I’ve seen a lot of responsive web designs recently.
The sudden sway towards mobile web has made designers sit up and take note and those that believe the technique is the right way to design for mobile have made many examples to prove their point.
So it was with great interest when I started to see news that The Boston Globe has redesigned its website using this technique.
The Globe is being touted as the first ‘real world’ website to have been given this treatment and hailed as a ‘revolution’ in some quarters.
While that former claim must be taken with a pinch of salt – I know a few good examples of real world websites that have been designed responsively – the latter could very well be true.
The Globe certainly know how to get a story out. In the same week Rupert Murdoch launched his ‘revolutionary’ iPad app The Daily in the UK, the Massachussetts-based title certainly seemed to be getting the lion’s share of tweets, blogs and plaudits.
Responsive design refers to the technique where the website ‘responds’ to the device on which it is being viewed.
So on a desktop it will look and function as a normal full-size website. However, when viewed on a tablet or smartphone, the design changes to support the format.
To see this is in action, you can see the Boston Globe itself, although it’s subscription-based after September 2011, and you’ll need to sign up to see it before then. If you don’t want to do that, you can see responsive web design in action at the newly-designed RAF Benevolent Fund or the widely credited example site Simon Collison.
If you’re on a desktop computer, you can resize your browser to see this effect as the width of the site narrows, or if you view it on a tablet or mobile phone, you can see the design is clearly optimised for the hardware you view it on.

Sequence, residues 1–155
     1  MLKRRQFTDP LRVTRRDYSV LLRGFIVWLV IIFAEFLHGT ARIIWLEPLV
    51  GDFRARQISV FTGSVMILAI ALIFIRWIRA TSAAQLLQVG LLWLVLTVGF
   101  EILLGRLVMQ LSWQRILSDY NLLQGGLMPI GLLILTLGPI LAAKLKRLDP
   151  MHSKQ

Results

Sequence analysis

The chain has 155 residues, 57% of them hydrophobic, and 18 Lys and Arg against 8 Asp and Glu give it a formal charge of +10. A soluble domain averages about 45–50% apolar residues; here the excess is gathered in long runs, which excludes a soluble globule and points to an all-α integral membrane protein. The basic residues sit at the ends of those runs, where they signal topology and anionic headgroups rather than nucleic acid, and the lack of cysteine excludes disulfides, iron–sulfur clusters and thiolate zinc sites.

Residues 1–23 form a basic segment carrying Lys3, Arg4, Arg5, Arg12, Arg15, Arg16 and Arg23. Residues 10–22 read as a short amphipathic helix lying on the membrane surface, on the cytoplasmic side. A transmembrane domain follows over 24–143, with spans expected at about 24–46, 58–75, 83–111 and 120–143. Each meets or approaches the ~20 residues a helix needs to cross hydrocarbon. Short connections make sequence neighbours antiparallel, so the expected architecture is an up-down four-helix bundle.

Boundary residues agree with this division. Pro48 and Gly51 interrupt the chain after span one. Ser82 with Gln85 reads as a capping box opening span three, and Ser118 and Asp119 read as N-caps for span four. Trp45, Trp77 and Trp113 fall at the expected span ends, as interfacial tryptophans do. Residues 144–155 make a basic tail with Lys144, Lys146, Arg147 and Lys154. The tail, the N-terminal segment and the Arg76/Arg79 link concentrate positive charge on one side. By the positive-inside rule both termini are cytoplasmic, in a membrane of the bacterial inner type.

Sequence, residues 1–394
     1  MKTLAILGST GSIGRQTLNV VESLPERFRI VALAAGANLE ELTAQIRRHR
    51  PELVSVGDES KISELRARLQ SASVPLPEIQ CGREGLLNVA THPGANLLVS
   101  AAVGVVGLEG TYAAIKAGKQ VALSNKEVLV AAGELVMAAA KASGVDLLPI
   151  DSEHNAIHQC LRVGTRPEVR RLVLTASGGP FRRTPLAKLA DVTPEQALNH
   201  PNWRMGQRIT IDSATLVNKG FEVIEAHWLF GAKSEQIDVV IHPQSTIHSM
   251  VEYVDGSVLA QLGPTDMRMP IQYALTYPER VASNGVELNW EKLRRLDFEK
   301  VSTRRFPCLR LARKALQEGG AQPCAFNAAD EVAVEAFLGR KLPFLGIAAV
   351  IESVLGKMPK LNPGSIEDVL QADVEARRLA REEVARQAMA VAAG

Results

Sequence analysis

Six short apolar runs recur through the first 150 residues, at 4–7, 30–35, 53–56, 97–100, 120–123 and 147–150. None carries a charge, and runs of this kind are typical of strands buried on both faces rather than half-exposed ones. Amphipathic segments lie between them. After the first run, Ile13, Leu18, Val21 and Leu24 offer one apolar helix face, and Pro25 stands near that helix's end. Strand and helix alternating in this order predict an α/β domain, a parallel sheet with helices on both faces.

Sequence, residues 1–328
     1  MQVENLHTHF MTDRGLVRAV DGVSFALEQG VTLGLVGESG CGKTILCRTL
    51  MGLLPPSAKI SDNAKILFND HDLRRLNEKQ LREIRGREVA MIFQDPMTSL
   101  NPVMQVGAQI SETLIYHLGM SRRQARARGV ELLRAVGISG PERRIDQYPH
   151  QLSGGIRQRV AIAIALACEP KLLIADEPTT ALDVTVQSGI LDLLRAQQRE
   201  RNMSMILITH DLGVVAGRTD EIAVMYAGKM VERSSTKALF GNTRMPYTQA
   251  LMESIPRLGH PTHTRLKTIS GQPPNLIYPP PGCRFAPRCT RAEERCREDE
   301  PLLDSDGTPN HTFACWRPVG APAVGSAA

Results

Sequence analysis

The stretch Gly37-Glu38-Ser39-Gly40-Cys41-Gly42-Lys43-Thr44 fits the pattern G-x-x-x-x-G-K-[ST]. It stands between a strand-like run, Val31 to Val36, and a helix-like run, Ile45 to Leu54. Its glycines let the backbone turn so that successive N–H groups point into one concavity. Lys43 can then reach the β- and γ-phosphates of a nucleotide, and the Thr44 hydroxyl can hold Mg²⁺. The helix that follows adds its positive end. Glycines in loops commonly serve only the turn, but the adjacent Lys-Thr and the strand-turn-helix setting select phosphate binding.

Made for media
This method won’t be right for every website, as some will need to deliver quite different content to their mobile audience.
However, one sector where it WILL work well is the media, because their commodity is very much their content.
Newspapers have dabbled with mobile designs of their main sites and most nationals have apps that deliver a rich experience through mobiles AND tablets.
So-called responsive web design, however, trumps all that because it simplifies the publishing process by removing the need to route content to different platforms.
And for the reader, it simplifies the process of consuming news because it is platform-agnostic (it will work on every device regardless of hardware or software), meaning that a reader will know that they will get their news on whatever device they have handy, and wherever they are.
Publishers have had some difficulty coming to terms with the Internet and what it can offer. Spending large amounts of money in difficult times on something that rarely makes a profit is difficult. But they know they can’t ignore it.
So will all newspapers ‘respond’ to this technique?
That remains to be seen because they’ve never been early adopters. But it has many things in its favour – it makes news easier to publish and easier to consume. Its also cheaper to implement than all previous techniques.
Easy and cheap are words that appeal to newspaper bosses. Well, to be fair, they appeal to most budget managers, but perhaps the most important fact facing publishers now is that we are fast approaching a time when accessing the Internet on a mobile device will be the norm.
And where will that leave those who currently only have a desktop offering?
Are you a publisher or do you work in the media? If you have any thoughts on the above article, please add them below. Maybe you disagree, or maybe you are helping to build a responsive website for a newspaper in Scotland or the UK? I’d love to know.
Also by Marc Hindley: The Boston Globe sets precedent for online content delivery